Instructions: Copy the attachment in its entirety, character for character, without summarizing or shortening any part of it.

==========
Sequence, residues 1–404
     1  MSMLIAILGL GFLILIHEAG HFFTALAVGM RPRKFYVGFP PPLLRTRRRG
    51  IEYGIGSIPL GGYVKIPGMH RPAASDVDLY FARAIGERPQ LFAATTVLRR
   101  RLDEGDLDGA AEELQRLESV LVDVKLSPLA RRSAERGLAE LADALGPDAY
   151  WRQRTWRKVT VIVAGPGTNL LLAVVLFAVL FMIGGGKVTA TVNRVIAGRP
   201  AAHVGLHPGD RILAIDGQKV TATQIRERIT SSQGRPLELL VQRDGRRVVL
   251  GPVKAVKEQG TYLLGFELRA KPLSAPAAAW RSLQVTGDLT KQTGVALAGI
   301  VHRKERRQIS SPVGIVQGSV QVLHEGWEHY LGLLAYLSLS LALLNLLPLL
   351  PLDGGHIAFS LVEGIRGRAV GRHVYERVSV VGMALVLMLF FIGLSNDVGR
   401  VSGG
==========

Sequence, residues 1–404
     1  MSMLIAILGL GFLILIHEAG HFFTALAVGM RPRKFYVGFP PPLLRTRRRG
    51  IEYGIGSIPL GGYVKIPGMH RPAASDVDLY FARAIGERPQ LFAATTVLRR
   101  RLDEGDLDGA AEELQRLESV LVDVKLSPLA RRSAERGLAE LADALGPDAY
   151  WRQRTWRKVT VIVAGPGTNL LLAVVLFAVL FMIGGGKVTA TVNRVIAGRP
   201  AAHVGLHPGD RILAIDGQKV TATQIRERIT SSQGRPLELL VQRDGRRVVL
   251  GPVKAVKEQG TYLLGFELRA KPLSAPAAAW RSLQVTGDLT KQTGVALAGI
   301  VHRKERRQIS SPVGIVQGSV QVLHEGWEHY LGLLAYLSLS LALLNLLPLL
   351  PLDGGHIAFS LVEGIRGRAV GRHVYERVSV VGMALVLMLF FIGLSNDVGR
   401  VSGG